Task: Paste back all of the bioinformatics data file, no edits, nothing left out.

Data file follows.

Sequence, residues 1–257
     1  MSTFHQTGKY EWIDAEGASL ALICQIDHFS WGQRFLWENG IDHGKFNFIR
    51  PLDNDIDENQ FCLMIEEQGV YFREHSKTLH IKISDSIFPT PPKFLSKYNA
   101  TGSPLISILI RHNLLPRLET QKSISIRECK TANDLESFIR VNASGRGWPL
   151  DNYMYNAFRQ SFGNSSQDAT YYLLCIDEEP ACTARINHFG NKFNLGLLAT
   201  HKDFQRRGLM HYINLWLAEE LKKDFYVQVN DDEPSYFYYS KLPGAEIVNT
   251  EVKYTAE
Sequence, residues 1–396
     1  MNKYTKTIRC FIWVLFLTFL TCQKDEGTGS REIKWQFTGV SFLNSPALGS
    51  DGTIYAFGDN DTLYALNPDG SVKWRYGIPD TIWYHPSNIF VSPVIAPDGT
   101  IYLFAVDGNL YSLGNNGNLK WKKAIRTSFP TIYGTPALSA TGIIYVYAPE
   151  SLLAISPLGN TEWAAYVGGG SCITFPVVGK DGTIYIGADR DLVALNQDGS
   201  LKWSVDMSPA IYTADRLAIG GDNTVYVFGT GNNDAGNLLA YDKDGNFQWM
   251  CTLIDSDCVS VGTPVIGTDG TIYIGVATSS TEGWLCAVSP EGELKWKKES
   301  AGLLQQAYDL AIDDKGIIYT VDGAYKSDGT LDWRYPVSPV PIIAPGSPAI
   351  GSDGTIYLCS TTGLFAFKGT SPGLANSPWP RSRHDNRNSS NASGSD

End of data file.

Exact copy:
Sequence, residues 1–257
     1  MSTFHQTGKY EWIDAEGASL ALICQIDHFS WGQRFLWENG IDHGKFNFIR
    51  PLDNDIDENQ FCLMIEEQGV YFREHSKTLH IKISDSIFPT PPKFLSKYNA
   101  TGSPLISILI RHNLLPRLET QKSISIRECK TANDLESFIR VNASGRGWPL
   151  DNYMYNAFRQ SFGNSSQDAT YYLLCIDEEP ACTARINHFG NKFNLGLLAT
   201  HKDFQRRGLM HYINLWLAEE LKKDFYVQVN DDEPSYFYYS KLPGAEIVNT
   251  EVKYTAE
Sequence, residues 1–396
     1  MNKYTKTIRC FIWVLFLTFL TCQKDEGTGS REIKWQFTGV SFLNSPALGS
    51  DGTIYAFGDN DTLYALNPDG SVKWRYGIPD TIWYHPSNIF VSPVIAPDGT
   101  IYLFAVDGNL YSLGNNGNLK WKKAIRTSFP TIYGTPALSA TGIIYVYAPE
   151  SLLAISPLGN TEWAAYVGGG SCITFPVVGK DGTIYIGADR DLVALNQDGS
   201  LKWSVDMSPA IYTADRLAIG GDNTVYVFGT GNNDAGNLLA YDKDGNFQWM
   251  CTLIDSDCVS VGTPVIGTDG TIYIGVATSS TEGWLCAVSP EGELKWKKES
   301  AGLLQQAYDL AIDDKGIIYT VDGAYKSDGT LDWRYPVSPV PIIAPGSPAI
   351  GSDGTIYLCS TTGLFAFKGT SPGLANSPWP RSRHDNRNSS NASGSD